In the last decade, we have seen banks, insurance companies and investment firms face disruption from firms in the "fin-tech" space, covering a diverse array of companies in the space. With all of these companies, though, there is (or should be) a lingering concern that part of their value proposition comes from "regulatory arbitrage", i.e., that these disruptions can operate as financial service companies, without the regulatory overlay that constrains these companies, at least in their nascent years. Since this regulatory arbitrage is a mirage, that will be exposed and closed as these fin-tech companies scale up, investors in these companies need more information on:
- Quality/Risk metrics on operating activity: In the aftermath of the 2008 crisis, banks, insurance companies and investment banks have all seen their disclosure requirements increase, but ironically, the young, technology-based companies that have entered this space seem to have escaped this scrutiny. In fact, the absence of a regulatory overlay at these companies makes this oversight even more dangerous, since an online lender that uses a growing loan base as its basis for a higher valuation, but does not report on the default risk in that loan base, is a problem waiting to blow up. It is highly informative for investors to observe the evolution of these measures in the years and quarters leading up to the IPO. Indeed, lenders can be tempted to strategically lower their credit standards to issue more loans (and hence significantly increase revenue through loan-related fees, which are often assessed upfront) to create the illusion of growth at the expense of long-term profitability and trust (since many of these risky loans are likely to default in the future).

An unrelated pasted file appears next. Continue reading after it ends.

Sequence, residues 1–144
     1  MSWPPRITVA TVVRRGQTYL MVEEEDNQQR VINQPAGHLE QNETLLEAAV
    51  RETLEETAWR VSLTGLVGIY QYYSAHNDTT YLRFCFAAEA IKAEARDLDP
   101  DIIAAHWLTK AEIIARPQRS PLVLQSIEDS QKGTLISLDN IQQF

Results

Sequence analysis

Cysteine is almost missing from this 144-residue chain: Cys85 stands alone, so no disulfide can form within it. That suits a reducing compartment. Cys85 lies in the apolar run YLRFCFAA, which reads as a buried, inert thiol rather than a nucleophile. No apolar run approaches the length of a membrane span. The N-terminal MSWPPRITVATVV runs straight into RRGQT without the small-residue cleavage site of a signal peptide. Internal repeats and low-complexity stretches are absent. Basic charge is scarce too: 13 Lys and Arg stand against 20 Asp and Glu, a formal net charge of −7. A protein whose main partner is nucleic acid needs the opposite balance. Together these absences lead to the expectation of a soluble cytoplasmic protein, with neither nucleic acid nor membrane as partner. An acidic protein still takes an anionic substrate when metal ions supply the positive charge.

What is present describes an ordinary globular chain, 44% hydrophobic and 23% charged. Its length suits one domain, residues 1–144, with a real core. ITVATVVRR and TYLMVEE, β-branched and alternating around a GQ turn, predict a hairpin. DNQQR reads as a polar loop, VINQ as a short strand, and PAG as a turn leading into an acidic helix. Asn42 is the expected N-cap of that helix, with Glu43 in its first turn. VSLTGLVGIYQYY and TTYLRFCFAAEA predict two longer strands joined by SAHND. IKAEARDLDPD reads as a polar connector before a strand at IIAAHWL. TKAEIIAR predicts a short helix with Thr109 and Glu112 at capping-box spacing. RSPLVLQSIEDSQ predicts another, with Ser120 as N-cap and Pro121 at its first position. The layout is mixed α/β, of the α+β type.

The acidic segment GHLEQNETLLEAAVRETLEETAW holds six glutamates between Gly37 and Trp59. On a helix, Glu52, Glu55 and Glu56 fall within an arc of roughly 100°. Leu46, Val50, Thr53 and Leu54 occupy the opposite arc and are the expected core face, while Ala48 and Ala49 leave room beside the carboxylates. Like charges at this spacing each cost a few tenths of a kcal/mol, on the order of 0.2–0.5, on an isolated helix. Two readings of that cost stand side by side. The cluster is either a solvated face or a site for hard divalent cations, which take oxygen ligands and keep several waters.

- Capital Buffer: It is worth remembering that banks existed prior to the Basel accords, and that the more prudent and long-standing ones learned early on that they needed to set aside a capital buffer to cover unexpected loan losses or other financial shortfalls. In the last century, regulators have replaced these voluntary capital set asides, at banks and insurance companies, with regulatory capital needs, tied (sometimes imperfectly) to the risk in their business portfolios. Many fintech companies have been able to avoid that regulatory burden, largely because they are too small for regulatory concern, but since they are not immune from shocks, they too should be building capital buffers and reporting on the magnitude of these buffers to investors.
As data becomes easier to collect and access, the demands for data disclosure from different interest groups will only increase over time, as investors, regulators, environmentalists and others continue to add to the list of items that they want disclosed. That will make already bulky disclosures even bulkier, and in our view, less informative. There are three ways to have your cake and eat it too. The first is to allow for increasing customization of disclosure requirements to the firms in question, since requiring all firms to report everything not only results in disclosures becoming data dumps, but also in the obscuring of the disclosures that truly matter. The second is to shift the materiality definition from impact on earnings to impact on value, thus moving the focus from the past to the future. Finally, tying disclosures to a company's characteristics and value stories will limit those stories and create more accountability.